8. 8. 8  Short reading and discussion Wal-Mart Invades, and Mexico Gladly Surrenders #3 in the assignment section Blackboard  Farmer, Paul. (2012). Haiti After the Earthquake http://tinyurl.com/n6dtu25http://tinyurl.com/mxlosol  Stiglitz, J. (2003). Globalization and Its Discontents. https://tinyurl.com/nyfxgj2  Stiglitz, Joseph E. (2013). The Price of Inequality: How Today’s Divided Society Endangers Our Future http://tinyurl.com/lat7goy (2013) https://tinyurl.com/murleqw (2012) http://tinyurl.com/n7mkdmy  Stiglitz, J. (2007). Making Globalization Work. https://tinyurl.com/n878wn7 8) March 06  History of Social Movements, NGOs, and International Education: View from Below, Ordinary People, NGOs, Civil Society, Adult Education, and the Anti-Globalization Movement; the rise of NGOs; civil society and adult education. Social movements and adult education, the anti-globalization movement; Responses to economic changes, globalization, economic regionalization. Equality and Inequality from international perspectives.  Popular education in Latin America and North America.  Short readings and discussion: Non Formal Education in Latin America # 7 on Blackboard  Short readings and discussion : La via campesina, the power of peasants #14 in the assignment section on Blackboard  Ty. (2013). Section on the Role of Intellectuals, Social Movements, NGOs, and Civil Society.  Gramsci, A. (1971) Selections from the prison notebooks. https://tinyurl.com/lt5dzuo  “Development through Non Formal Education” T.J. La Belle, and C.R. Ward. In: Husen, T. & Neville, Postlethiwaite,T. Eds. International Encyclopedia of Education Second Edition London: Pergamon. London.  Japan’s Peace Boat Journeys to Confront Buried Crimes of the Past & Build Ties for a Hopeful Future. https://tinyurl.com/jvqn2ep  Howard Zinn. (2003). A People’s History of the United States: 1492 to Present. Focus on international affairs. http://tinyurl.com/nmc5eam  *Zinn video. The interpretation of history. https://tinyurl.com/n7mnhgw  Gramsci, A. (1971) Selections from the prison notebooks. https://tinyurl.com/lt5dzuo  Chomsky, N. Occupy!https://tinyurl.com/loka4ys  Holst, J. (2001). Social Movements, Civil Society, and Radical Adult Education. https://tinyurl.com/k5mfn9e  Sik Son. (2007). https://tinyurl.com/kh2a8qp  Pandak, C. (1999). Rebuilding Civil Society: Nonformal Adult Education and Voluntary Organizations – The Hungarian Experience. https://tinyurl.com/mpv2udh  Ty. (2013). pp. 81-92 ff 9) March 13 NIU Spring Break 10) March 20  Guest speaker: Dr. Jorge Jeria, 6 PM:  Poverty, Education, UNESCO, International Organizations, and Poverty Alleviation  His international work reaches a number of activities from his participation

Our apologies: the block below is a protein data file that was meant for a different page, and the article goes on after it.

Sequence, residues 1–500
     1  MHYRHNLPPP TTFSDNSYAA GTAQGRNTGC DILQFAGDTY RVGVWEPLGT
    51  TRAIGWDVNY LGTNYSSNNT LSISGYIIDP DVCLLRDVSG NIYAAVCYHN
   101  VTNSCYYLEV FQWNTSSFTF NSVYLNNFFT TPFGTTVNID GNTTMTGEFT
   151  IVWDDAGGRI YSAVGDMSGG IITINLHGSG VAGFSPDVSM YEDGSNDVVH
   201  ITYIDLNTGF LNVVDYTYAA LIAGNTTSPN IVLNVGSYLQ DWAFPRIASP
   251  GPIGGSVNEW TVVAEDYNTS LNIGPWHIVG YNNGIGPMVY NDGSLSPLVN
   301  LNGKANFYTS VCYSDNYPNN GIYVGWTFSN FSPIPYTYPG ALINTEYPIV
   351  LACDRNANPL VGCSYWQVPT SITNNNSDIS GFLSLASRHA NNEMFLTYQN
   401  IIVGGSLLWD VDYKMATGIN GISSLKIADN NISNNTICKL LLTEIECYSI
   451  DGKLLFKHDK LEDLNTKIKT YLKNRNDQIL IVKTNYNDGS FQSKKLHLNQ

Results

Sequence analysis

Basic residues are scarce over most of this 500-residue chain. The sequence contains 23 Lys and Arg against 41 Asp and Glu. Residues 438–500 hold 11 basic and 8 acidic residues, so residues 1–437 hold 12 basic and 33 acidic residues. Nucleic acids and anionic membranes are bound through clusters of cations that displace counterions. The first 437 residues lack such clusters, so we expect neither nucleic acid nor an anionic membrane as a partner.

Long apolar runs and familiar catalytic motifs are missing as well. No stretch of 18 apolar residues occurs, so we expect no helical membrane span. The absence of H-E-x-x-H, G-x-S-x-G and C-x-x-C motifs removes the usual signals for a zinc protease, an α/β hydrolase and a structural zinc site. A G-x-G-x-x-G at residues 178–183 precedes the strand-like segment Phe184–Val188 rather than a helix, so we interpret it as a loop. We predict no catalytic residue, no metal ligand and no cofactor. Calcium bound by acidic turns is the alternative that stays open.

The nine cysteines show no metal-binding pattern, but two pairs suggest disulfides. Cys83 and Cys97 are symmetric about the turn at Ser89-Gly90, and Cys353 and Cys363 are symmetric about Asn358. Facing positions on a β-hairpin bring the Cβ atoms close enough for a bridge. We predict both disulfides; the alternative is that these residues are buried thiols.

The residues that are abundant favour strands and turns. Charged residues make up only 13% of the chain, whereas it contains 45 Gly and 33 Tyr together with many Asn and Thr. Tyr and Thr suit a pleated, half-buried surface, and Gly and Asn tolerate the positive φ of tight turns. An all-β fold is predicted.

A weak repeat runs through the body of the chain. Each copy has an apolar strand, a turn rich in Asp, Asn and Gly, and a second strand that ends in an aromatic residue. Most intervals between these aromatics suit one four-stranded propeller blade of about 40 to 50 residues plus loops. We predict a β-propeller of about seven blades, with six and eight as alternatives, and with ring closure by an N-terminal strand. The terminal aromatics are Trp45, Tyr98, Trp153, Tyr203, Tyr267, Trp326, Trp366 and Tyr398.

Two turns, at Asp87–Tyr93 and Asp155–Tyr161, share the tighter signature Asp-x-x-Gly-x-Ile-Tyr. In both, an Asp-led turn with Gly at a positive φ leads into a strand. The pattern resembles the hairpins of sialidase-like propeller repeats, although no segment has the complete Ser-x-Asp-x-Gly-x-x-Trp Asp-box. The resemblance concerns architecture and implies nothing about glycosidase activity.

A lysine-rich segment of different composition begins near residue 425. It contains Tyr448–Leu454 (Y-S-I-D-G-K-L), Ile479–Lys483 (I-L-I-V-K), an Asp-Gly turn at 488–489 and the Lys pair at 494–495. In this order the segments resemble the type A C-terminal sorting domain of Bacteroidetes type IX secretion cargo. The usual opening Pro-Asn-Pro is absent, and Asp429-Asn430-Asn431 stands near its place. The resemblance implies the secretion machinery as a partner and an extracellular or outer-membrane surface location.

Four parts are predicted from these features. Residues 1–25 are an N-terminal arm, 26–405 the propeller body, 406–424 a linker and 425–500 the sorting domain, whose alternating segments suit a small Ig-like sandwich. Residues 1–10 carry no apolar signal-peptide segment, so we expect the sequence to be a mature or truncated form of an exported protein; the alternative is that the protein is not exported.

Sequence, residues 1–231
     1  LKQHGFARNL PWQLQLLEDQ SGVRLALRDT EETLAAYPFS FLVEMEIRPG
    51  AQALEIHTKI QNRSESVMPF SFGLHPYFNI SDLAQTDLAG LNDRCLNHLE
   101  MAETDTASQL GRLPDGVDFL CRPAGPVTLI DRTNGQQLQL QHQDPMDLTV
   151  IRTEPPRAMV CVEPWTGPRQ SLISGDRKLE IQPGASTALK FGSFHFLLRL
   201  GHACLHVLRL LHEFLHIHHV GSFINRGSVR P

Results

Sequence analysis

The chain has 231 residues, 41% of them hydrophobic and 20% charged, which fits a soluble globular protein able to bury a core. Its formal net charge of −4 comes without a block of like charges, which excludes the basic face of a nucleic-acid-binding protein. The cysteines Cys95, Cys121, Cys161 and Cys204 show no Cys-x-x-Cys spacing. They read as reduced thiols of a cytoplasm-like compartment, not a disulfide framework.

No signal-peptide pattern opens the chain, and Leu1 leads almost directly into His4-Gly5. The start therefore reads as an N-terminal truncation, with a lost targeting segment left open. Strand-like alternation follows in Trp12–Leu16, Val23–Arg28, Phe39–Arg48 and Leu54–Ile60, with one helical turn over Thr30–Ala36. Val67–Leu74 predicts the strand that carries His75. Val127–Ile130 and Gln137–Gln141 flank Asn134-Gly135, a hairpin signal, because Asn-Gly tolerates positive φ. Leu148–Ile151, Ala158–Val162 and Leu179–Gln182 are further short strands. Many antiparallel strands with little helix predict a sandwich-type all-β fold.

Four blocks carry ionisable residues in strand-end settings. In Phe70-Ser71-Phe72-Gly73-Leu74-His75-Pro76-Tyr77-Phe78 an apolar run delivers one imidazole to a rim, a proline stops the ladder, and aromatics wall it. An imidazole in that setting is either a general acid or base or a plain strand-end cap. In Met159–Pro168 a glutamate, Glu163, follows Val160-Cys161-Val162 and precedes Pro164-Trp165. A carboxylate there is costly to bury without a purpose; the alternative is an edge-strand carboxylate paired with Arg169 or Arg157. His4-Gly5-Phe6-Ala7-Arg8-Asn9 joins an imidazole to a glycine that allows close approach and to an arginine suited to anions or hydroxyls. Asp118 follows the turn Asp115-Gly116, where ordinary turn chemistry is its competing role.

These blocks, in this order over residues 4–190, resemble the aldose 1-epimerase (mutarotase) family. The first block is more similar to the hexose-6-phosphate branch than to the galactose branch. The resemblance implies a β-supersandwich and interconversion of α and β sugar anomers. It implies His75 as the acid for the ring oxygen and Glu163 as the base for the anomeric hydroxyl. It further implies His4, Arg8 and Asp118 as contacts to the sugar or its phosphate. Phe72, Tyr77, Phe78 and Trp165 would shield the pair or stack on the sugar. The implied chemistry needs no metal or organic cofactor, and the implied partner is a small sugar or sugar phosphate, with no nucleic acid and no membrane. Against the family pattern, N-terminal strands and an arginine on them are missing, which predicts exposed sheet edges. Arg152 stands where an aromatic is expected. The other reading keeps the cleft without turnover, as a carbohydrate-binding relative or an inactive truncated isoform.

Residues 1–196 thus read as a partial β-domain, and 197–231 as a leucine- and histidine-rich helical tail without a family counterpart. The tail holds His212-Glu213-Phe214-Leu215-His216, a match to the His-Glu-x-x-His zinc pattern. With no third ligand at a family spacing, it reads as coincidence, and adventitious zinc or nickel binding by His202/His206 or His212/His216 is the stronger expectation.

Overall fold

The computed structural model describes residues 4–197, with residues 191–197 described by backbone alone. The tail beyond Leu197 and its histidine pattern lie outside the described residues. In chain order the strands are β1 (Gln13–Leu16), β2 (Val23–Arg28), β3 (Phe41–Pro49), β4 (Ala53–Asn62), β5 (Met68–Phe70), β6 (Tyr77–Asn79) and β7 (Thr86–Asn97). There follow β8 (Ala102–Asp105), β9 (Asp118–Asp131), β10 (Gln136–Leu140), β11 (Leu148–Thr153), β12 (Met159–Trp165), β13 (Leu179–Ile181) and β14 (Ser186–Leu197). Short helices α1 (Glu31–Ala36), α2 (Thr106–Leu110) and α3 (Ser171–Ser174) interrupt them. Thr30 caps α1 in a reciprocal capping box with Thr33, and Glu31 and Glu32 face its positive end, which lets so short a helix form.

9. 9. 9 with the Council for Adult Education in Latin America (CEAAL), the International Council of Adult Education (ICAE) , the Paulo Freire Center at the University of Pernambuco in Recife, UNESCO Institute for Lifelong Learning (formerly UNESCO Institute of Education) in Hamburg, Germany, UNESCO/OREALC in Santiago, Chile and the IntitutoNacional para la Educación de los Adultos, INEA, México. 11) March 27  Guest speaker: Susana Das Neves on Empowering the Undocumented  Intersectionality of Identities and International Education: Color, Nationalities, Ethnicities, and Differences  https://tinyurl.com/kk5g5jn  M. Chen. (2013). Caribbean non-traditional female students in higher education http://tinyurl.com/nbmlzwd  Ty, R. (2010 December). Indigenous Peoples in the Philippines: Continuing Struggle. Focus Asia-Pacific, 62, 6-9. Osaka, Japan: HuRights. https://tinyurl.com/lqahl67  Ty, R. (2010). Ch. 11. Youth and adult education for social change in the Philippines: Linking education with NGOs, social movements, and civil society. pp. 111-137 in Human Rights Education in Asia-Pacific, Volume 1. Osaka: Japan: Asia-Pacific Human Rights Information Center. https://tinyurl.com/n4yto2p 12) April 03  Politic and International Education: Military Defense, Security, Nuclear Weapons, Terrorism, Human Rights, International Humanitarian Law & Laws of War, Reaction, Reform, Revolution, and Social Change  Activism in Bahrain Crackdown: https://tinyurl.com/n47ycl8  Documentary co-directed by an Israeli Jew and a Palestinian Arab about a Palestinian village ―5 Broken Cameras‖ http://tinyurl.com/kdfjcbz  Documentary about Guatemala, ―Granito: How to nail a dictator‖ http://tinyurl.com/jwyzbfc  Eltahawy, M. (2012). Why do they hate us? http://tinyurl.com/bm988t3  Sik Son. (2007). From student activism to a way of life: A case study of student activists-turned peasant activists in South Korea. Doctoral Dissertation. NIU. https://tinyurl.com/kh2a8qp  Ty, R. (2013). Sections on Structural Violence, Social Change, Social Justice, Power, Rights, Human Rights, Human Rights Education, & Human Rights-Based Approach.  Ty, R. (2011). Social injustice, human rights-based education and citizens’ direct action to promote social transformation in the Philippines. Education, Citizenship and Social Justice, 6(3) 205-221.  Barber, B. (1992). Jihad vs. McWorld. http://tinyurl.com/qbplf9y  Chomsky, N. & Vetches, A. (2013). On Western Terrorism: From Hiroshima to Drone Warfare. https://tinyurl.com/kwbadyl  Huntington, S. (1993). The clash of civilizations? http://tinyurl.com/dmyvdd  Levine, M. (2013). Why do they hate us? http://tinyurl.com/qzav5nr  Gabbay, T. (2013). Why do they hate us? It’s a pretty long list. http://tinyurl.com/pmt4b3e  South Sudan Reaches Ceasefire & Neocolonialism Documentary. https://tinyurl.com/mdaqyco  Turse, Nick (2013). Kill Anything That Moves: The Real American War in Vietnam (American Empire Project)